The act of unpacking all of your belongings when you move house is undoubtedly something that fills us all with dread. But not in Unpacking, the gloriously relaxing – and surprisingly emotive – game from Witch Beam.
Unpacking your stuff isn’t always stressful, granted. I remember taking great glee in finding just the right space for everything when I moved into a new bedroom aged nine. And again upon moving into my university dorm, having “my very own space” for the first time in my life was a thrill. The older you get and the more stuff you accumulate, however, the more arduous a task it becomes.
Unpacking replicates this process, but in a way that never becomes arduous or stressful. In fact, Unpacking might be one of the most chilled-out games we’ve played in recent years. It’s far more enjoyable than a game about taking stuff out of boxes has any right to be, and that’s testament to just how incredibly clever the team at Witch Beam is.
Because, really, there’s so much more to Unpacking than, well, unpacking. At the heart of the game is a narrative told only through items and the location you’re in. There’s no dialogue and, aside from a photograph of the back of their head at the end of the game you never even see the game’s “protagonist”. You only see where they live, and their stuff.
Related: The Pleasure of Unpacking
But how the items you find yourself rifling through can tell a story is nothing short of genius. Whether it be the teddy bear that travels from home to home, or the art supplies that gradually increase as the years go on; each and every item you unpack helps us paint a picture of the person whose life we’re in charge of unpacking.
As do the locations you’re in. From a childhood bedroom to a university dorm room, to a house share with friends. It’s a usual trajectory that many of us might have taken and as such can empathise with. Having to squeeze in your belongings alongside someone else’s; making a home feel like yours even though you’re not the only person living there. It’s no mean feat, and Unpacking captures it beautifully.
No chapter is quite so telling as the mid-point of the game, where our protagonist is moving in with – who we assume to be – a romantic partner. Their apartment is already full with their worldly possessions. It’s up to us to create a space for ourselves, moving their stuff to make way for ours. This is a home for two now, after all.
Then comes the moment when you surprisingly find yourself back in your childhood bedroom. It’s changed a little; your cabin-style bed replaced with a standard single, for instance. But it’s still your old room, even with some of your old posters on the wall. Moving back in as an adult is poignant; fitting your grown-up life amongst memories of your childhood isn’t easy. And if you’ve ever had to move back in with your parents as an adult, you’ll know all-too-well how it feels.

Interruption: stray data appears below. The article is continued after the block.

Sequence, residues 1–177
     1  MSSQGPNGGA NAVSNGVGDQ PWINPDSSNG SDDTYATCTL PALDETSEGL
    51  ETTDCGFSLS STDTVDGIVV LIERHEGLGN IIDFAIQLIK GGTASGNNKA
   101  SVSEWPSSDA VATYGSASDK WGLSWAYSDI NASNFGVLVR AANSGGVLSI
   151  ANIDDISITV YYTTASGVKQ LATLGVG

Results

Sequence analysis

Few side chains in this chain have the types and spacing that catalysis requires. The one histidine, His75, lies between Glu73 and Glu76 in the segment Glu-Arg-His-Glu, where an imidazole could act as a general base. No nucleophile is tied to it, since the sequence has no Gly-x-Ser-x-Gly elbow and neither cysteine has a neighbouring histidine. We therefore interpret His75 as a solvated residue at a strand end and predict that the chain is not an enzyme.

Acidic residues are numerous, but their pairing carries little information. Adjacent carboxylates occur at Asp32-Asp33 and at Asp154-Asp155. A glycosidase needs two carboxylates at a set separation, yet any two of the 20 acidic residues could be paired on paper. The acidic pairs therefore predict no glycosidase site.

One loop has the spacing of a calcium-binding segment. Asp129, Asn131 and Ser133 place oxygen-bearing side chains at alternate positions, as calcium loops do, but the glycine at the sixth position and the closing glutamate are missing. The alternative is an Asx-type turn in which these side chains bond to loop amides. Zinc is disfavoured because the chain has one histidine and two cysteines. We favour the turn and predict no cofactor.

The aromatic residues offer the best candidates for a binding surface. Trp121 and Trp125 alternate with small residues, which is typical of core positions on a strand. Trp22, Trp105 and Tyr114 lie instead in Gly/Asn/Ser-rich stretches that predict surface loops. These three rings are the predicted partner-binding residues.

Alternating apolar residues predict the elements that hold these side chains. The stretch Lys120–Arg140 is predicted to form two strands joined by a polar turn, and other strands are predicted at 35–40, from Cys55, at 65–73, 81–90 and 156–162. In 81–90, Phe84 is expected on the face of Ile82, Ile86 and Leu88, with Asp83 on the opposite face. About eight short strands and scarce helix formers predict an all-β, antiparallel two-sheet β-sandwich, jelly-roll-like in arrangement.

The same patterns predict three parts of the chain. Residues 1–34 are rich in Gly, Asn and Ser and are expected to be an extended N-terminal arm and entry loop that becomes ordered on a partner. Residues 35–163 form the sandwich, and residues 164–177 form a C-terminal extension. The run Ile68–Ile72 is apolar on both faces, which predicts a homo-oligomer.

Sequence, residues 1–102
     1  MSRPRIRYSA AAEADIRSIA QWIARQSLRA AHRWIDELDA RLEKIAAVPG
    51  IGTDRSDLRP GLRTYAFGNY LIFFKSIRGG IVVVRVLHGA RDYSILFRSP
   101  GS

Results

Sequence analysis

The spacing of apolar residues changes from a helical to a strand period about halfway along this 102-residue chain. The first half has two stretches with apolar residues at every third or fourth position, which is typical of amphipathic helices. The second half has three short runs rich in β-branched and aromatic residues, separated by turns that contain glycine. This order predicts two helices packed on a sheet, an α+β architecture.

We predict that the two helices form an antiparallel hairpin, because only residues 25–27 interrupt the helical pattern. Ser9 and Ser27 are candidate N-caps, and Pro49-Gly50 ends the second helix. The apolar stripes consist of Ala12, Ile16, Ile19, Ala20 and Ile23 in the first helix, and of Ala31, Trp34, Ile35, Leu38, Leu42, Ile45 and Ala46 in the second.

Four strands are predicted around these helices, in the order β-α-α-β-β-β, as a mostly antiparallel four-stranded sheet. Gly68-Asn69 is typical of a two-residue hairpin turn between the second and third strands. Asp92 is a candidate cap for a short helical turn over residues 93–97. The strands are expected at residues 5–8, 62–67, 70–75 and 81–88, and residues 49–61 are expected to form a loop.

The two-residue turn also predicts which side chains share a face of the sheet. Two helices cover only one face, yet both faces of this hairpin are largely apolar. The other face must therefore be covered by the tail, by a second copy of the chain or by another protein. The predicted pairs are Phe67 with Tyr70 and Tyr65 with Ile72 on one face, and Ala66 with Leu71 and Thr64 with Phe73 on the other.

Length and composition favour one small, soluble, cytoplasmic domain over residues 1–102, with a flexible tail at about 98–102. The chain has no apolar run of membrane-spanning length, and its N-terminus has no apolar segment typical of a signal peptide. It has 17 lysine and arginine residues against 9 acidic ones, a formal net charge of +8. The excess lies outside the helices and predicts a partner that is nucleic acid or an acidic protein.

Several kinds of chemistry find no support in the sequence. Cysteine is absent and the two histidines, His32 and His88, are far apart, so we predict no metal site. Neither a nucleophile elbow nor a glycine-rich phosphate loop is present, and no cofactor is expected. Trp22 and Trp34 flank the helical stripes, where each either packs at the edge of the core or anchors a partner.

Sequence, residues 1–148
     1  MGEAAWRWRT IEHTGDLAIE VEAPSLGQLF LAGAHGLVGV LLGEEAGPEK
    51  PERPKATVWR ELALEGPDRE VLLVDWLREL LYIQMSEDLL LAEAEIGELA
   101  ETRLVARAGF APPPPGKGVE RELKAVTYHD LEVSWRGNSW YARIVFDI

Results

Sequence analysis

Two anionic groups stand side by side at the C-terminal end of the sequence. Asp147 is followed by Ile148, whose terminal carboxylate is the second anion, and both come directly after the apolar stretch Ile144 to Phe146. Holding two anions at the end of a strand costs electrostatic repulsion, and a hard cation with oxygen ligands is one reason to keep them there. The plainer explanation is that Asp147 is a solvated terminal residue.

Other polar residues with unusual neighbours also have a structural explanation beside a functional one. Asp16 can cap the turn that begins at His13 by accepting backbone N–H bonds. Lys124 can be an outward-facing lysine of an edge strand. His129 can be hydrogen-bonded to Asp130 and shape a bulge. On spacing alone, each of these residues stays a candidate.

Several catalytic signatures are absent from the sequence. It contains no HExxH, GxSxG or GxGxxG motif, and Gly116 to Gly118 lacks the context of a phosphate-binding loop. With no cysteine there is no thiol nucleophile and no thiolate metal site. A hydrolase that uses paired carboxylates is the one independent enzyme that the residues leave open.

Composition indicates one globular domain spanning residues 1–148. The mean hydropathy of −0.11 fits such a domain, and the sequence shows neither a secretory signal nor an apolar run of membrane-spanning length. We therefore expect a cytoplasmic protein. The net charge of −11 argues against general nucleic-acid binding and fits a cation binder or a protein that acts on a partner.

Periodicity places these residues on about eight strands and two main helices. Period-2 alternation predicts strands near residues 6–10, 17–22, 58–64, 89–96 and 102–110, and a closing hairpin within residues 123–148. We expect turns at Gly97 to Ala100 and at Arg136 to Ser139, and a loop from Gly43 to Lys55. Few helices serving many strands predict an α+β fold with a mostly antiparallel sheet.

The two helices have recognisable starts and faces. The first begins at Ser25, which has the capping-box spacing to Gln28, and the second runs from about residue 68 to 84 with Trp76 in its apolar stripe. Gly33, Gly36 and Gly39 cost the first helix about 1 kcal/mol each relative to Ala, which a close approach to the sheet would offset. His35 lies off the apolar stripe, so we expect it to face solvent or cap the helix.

By this point, you’ll feel like you know the person behind the boxes in Unpacking. You’ve never met them, but you know so much of their intimate details. You’ve even put their underwear away, for crying out loud. You’ve seen their fashion sense change over time; you’ve seen them adopt the stick insect of an old roommate. And so going through their highs and lows, so raw and obvious through each house move, becomes an emotional affair.
But as remarkable as Unpacking‘s ability to tell such an intricate narrative is, it’s not the only thing that stands out about this game. Each item has a feel to it; picking up a DVD case makes a distinctive plasticky sound; you know, as if you’re opening and closing its case. In the kitchen, and the pans make a metallic clunk as you place them in a cupboard. Playing on PS5, this effect is even more incredible; pick up a hot water bottle, and your DualSense will make the sound of water sloshing around as you move it.
The items themselves will raise a smile or two, too. You might recognise the odd DVD case; there’s an unmistakable pixelated Ghost World and Donnie Darko, amongst others. And let’s not forget the GameCube, that’s eventually replaced with a Wii, that gets lovingly unpacked underneath the TV. From stereos getting replaced with iPods to cumbersome desktop PCs being replaced with lightweight laptops, practically every item will resonate with you in some way. It’s a pixelated trip down memory lane, particularly in the game’s earlier chapters.
The only negative of Unpacking? That it eventually comes to an end. Lasting around three hours, I could have enjoyed the serene, peaceful gameplay for dozens more. And I can only hope that Witch Beam might follow up with someone else’s house-moving journey at some point in time. This is something that could work incredibly well as a series, and I don’t think it’s at risk of losing its magic any time soon.
You shouldn’t hesitate to pick up Unpacking. This is a true indie gem; a game that deserves to be celebrated for years, or even decades, to come. From the clever storytelling through objects to the incredible sound design imprinted into each and every item you pick up, every minute spent with this game is a joy. You’ll be invested from start to finish – and you won’t want it to end.
Unpacking Review – GameSpew’s Score